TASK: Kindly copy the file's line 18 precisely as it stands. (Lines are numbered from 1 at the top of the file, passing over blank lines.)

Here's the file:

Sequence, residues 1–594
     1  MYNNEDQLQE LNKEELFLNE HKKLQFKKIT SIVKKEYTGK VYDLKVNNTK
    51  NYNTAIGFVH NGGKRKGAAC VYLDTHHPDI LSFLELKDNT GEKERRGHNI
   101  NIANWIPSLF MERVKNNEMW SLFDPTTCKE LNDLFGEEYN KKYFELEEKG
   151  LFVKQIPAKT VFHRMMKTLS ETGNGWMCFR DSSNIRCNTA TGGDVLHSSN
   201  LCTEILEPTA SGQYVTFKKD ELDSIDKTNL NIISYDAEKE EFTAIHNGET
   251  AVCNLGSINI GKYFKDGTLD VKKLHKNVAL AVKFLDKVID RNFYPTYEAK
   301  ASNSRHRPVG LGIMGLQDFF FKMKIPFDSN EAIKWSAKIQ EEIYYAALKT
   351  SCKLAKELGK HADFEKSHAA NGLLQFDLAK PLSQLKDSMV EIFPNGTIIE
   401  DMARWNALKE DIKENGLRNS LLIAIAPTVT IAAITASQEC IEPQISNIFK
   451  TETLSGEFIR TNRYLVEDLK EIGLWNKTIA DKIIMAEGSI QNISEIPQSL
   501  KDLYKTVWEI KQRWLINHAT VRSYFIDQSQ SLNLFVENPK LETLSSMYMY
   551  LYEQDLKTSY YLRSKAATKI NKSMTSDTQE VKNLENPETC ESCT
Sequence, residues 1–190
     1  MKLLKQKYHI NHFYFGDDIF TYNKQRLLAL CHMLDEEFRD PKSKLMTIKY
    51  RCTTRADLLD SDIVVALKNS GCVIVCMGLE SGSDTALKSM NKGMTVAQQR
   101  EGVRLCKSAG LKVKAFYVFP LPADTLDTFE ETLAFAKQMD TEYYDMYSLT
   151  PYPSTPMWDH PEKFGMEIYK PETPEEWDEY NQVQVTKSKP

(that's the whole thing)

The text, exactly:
   151  PYPSTPMWDH PEKFGMEIYK PETPEEWDEY NQVQVTKSKP